We tested it and here’s our take on the results.

7.0 Performance

The Sharpal can rejuvenate your dull knife, leaving it capable of carrying out most food prep tasks, but it takes a while to get there. It also creates a finer edge than most other two-stage devices despite removing quite an alarming amount of steel from the blade.

6.4 Sharpening Time to Cut a Lemon

Sharpening Time
1 minute 45 seconds
Cutting Feel
Swift and smooth

The Sharpal takes a total of 105 seconds to sharpen a dead dull knife to a high level of workable sharpness (lemon-cutting level). We suspect that the 15 seconds on the ceramic slot may have been a waste of time — the knife emerged keener before rather than after going through the slot.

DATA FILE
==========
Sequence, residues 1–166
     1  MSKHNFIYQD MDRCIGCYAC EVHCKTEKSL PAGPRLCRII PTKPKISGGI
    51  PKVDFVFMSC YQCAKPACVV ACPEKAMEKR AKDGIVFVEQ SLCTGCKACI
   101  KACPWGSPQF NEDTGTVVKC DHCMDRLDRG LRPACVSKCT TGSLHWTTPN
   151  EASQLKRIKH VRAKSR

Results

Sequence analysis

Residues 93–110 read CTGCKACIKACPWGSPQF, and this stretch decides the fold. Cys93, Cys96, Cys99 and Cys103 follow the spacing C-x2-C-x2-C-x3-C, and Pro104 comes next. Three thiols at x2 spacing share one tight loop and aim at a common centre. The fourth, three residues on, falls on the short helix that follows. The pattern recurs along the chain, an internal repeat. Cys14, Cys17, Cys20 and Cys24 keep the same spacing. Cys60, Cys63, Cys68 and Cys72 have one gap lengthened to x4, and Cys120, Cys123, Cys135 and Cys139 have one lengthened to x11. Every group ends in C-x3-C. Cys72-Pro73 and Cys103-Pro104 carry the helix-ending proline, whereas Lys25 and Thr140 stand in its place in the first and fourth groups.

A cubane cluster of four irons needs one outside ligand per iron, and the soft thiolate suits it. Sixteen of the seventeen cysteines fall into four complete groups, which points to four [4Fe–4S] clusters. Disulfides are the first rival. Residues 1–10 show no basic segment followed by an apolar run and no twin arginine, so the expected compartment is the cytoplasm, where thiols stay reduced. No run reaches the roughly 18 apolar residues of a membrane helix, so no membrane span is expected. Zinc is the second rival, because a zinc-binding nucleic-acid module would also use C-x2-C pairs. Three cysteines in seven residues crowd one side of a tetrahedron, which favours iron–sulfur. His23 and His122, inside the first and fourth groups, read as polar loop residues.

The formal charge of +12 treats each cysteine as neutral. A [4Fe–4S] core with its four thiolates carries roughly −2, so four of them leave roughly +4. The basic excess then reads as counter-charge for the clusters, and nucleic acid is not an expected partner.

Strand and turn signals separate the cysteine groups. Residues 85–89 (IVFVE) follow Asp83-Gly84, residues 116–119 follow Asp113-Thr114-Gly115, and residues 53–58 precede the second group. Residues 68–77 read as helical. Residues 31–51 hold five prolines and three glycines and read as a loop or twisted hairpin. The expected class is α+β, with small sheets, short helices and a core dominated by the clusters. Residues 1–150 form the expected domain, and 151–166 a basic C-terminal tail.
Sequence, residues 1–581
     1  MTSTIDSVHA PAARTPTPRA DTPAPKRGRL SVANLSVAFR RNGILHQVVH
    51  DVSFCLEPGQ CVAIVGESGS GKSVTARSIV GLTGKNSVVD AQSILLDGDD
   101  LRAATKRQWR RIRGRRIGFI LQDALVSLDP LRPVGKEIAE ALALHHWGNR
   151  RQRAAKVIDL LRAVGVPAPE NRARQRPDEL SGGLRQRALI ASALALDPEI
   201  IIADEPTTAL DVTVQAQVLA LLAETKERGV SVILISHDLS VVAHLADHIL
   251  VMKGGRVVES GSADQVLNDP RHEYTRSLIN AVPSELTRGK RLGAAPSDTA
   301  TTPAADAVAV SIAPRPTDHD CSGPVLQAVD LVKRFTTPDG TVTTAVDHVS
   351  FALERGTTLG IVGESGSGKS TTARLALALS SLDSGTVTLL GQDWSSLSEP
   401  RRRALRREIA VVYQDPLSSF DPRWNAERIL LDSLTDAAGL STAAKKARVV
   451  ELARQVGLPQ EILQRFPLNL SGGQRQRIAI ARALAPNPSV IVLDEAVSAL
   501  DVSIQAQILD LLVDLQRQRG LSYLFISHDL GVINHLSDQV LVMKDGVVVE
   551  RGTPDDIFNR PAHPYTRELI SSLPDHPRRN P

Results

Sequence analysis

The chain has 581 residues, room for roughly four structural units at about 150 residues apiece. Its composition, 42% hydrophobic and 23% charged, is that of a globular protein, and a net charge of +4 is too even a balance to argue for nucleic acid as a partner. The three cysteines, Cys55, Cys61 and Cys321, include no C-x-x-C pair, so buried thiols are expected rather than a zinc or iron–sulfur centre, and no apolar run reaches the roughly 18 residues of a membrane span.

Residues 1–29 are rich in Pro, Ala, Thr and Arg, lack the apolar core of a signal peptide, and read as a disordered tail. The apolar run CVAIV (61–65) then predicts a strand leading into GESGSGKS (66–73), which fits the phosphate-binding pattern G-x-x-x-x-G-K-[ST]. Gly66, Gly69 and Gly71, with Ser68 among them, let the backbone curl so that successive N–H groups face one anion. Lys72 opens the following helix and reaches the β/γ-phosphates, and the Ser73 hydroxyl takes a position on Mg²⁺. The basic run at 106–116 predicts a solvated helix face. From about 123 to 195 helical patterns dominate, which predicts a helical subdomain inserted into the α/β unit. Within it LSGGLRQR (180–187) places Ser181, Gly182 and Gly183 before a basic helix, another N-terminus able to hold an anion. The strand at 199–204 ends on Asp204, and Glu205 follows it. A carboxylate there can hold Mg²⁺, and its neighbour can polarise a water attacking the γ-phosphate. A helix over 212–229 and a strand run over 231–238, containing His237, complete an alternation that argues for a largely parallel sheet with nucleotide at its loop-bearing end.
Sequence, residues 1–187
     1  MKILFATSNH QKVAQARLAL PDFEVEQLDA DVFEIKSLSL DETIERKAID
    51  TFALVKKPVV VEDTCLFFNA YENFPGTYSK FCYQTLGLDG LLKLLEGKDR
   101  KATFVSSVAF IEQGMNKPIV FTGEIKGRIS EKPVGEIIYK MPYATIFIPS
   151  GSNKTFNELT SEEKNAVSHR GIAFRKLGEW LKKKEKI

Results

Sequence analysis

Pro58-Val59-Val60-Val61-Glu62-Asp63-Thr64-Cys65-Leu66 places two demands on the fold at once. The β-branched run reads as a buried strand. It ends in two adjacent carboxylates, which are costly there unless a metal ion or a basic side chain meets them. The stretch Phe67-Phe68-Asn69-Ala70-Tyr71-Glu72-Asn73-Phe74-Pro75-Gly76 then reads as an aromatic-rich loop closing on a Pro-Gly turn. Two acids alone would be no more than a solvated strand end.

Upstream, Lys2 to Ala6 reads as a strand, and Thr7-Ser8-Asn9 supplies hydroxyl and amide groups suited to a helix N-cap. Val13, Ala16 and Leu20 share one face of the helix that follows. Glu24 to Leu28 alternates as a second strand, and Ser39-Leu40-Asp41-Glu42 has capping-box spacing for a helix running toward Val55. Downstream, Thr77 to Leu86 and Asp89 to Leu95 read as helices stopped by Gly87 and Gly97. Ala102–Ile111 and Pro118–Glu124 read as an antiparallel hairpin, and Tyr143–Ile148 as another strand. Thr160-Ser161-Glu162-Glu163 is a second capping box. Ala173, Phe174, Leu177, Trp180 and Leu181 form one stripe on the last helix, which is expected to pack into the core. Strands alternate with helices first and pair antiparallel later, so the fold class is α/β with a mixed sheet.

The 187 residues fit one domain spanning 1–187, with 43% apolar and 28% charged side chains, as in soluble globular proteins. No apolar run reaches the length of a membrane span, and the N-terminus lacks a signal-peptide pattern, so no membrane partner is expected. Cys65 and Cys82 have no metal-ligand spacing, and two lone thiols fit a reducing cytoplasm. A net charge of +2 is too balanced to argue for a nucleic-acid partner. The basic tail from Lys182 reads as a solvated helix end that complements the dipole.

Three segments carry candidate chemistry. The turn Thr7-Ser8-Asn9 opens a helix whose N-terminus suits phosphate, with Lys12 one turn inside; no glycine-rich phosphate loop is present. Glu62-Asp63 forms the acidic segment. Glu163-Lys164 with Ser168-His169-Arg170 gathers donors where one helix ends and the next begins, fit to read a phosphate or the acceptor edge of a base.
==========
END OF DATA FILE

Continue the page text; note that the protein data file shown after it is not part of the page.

8.0 Maximum Sharpness Achieved

Sharpening Time
6 minutes
Sharpness Level
8 (Chicken breast with skin, 1 swipe)

After 6 minutes of continuous sharpening with the Sharpal, the test knife managed to cut through a piece of raw chicken breast with ease. Similarly, ripe tomatoes posed no challenge — we could produce thin tomato slices using only the knife’s modest weight. So while it’s not particularly fast, the device does fulfill its promise of bringing sharpness to your knife edge if you give it enough time.

6.7 Material Retention

Medal residue on an abrasive slot on the Sharpal knife sharpener
Medal residue on an abrasive slot on the Sharpal knife sharpener
A bowl containing metal sharpening residue
Sharpening Time
1 minute